Kazakhstan is struggling to meet its growing energy needs, now that crypto mining is booming in the Central Asian country.
Most miners have been drawn by the country’s cheap power or have fled from neighboring China. This has made the country of 19 million the world’s second-largest bitcoin mining location after the United States, according to the Cambridge Centre for Alternative Finance.
However, forced to import power and ration domestic supplies, the government is trying to determine how to tax and regulate the industry. Because of struggling with inflation, the government is reluctant to raise the state-regulated artificially low electricity prices, which lies at the root of the problem.
“A price reform is definitely necessary,” said Eric Livny, a regional economist at the European Bank for Reconstruction and Development. “What we have in Kazakhstan is heavy reliance on coal with very low prices … But this creates very big problems in meeting the obligations that Kazakhstan has taken on with regards to making the economy greener.”
Some miners have suggested the government let their industry offset taxes with investments in renewable energy. “Kazakhstan has an opportunity to develop its weak electric power sector at others’ expense and make some money on top of it,” said blockchain analytics company Blockchair.com engineer Yedige Davletgaliyev.
The Kazakh government also plans to crack down on unregistered “grey” miners, whom it estimates may be using twice as much electricity as registered “white” ones. Deputy Energy Minister Murat Zhurebekov believes the issue cannot be delayed any longer, and said the directive would be issued before the end of the year.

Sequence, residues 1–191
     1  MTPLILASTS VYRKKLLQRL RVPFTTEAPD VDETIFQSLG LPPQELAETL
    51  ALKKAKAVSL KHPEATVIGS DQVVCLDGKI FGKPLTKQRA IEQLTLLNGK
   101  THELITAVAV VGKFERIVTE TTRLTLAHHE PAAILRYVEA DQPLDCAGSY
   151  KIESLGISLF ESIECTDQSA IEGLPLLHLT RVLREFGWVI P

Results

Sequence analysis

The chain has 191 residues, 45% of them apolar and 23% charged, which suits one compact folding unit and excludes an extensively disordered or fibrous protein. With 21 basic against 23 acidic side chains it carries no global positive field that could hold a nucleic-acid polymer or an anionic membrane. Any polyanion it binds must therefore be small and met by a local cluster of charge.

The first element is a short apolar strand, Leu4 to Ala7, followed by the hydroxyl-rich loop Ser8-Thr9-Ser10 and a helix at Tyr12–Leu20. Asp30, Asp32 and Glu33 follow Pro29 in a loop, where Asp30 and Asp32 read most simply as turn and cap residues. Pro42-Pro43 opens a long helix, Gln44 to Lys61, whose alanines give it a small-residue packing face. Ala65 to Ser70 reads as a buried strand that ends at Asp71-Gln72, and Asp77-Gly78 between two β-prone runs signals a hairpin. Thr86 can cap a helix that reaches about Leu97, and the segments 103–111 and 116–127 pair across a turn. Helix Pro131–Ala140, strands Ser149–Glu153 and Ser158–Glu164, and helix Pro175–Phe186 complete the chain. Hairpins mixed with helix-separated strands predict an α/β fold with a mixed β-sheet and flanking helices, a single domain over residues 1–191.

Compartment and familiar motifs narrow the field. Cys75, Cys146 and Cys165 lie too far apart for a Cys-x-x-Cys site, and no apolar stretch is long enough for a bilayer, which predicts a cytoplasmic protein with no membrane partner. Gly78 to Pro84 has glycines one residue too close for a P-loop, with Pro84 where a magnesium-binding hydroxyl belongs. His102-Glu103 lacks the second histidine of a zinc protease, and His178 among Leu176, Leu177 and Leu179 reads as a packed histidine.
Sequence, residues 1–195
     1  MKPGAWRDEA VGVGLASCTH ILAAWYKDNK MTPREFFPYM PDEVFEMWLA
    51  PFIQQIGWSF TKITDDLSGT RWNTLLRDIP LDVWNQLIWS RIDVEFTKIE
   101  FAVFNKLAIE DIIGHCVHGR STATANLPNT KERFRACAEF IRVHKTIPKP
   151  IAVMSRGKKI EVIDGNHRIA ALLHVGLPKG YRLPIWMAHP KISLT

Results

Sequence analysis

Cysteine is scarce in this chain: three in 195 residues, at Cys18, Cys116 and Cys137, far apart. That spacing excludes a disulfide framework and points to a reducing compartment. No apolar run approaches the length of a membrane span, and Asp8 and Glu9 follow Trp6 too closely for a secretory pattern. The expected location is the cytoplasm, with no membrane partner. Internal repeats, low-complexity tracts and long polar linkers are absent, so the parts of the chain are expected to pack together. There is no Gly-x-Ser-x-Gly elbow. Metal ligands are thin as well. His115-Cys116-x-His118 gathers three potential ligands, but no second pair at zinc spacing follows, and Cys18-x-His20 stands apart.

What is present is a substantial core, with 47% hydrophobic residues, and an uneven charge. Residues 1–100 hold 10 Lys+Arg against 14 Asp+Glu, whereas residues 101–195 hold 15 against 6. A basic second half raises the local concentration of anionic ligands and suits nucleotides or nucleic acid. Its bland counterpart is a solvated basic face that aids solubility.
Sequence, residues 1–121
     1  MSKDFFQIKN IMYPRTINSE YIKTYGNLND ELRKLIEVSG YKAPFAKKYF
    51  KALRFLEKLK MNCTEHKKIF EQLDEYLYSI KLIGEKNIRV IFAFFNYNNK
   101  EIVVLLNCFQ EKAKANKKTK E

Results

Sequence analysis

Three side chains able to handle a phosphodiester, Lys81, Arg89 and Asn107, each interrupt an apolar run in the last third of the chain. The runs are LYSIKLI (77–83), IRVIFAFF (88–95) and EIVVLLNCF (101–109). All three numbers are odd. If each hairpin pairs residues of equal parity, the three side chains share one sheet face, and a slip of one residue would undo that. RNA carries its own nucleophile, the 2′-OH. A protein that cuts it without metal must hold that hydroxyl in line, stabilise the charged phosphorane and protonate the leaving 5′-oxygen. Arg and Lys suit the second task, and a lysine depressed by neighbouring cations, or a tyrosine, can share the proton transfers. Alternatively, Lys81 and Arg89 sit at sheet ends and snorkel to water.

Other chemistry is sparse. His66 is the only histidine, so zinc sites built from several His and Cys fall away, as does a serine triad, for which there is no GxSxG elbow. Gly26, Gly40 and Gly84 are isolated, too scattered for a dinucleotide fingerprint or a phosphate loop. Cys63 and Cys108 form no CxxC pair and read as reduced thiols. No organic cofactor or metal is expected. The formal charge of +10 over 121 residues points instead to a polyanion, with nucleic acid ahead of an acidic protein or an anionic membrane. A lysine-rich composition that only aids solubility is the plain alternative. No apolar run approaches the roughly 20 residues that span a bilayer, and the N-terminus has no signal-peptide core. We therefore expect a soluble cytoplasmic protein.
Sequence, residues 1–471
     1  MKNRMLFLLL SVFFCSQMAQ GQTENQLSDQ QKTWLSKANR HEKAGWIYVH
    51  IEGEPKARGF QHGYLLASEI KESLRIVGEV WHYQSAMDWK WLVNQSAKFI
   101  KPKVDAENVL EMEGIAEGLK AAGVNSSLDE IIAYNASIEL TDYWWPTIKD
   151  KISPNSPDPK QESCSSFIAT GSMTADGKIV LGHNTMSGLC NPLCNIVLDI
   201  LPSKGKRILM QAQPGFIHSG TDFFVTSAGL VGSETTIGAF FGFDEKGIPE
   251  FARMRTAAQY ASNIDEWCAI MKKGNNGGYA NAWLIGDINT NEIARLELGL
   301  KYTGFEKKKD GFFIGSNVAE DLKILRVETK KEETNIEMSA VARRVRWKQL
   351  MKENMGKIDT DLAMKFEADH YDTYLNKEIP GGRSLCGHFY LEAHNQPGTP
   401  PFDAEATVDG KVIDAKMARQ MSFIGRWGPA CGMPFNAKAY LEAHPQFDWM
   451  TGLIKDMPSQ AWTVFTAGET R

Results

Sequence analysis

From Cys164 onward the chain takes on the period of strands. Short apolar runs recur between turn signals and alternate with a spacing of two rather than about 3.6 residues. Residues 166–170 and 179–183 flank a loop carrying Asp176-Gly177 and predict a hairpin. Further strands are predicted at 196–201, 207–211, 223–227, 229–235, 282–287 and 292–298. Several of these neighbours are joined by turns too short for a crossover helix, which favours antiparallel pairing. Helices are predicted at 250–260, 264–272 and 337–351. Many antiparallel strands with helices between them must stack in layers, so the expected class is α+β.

Although Zhurebekov neglected to explain how authorities planned to locate the “grey” miners, whose farms are often hidden in basements or abandoned factories, their heat signatures could potentially be detected by satellites.
Some “grey” miners say they are considering going “white”, but are unsure about how heavily they may be taxed. “The tax that the government plans to introduce is something that miners can afford to pay,” said one anonymous “grey” miner. “But it is unclear what demands the government may put up further on.”
AML legislation passed
Meanwhile, members of Kazakhstan’s Senate have just passed legislation bringing anti-money laundering (AML) legislation to crypto platforms. Crypto businesses and service providers will be brought under financial monitoring, and will have to notify respective government bodies about their operations.
The amendments are intended to improve the country’s AML framework as a whole, while also concerning cryptocurrency platforms. Approved by the Senate, the law awaits the assent of the president of Kazakhstan.
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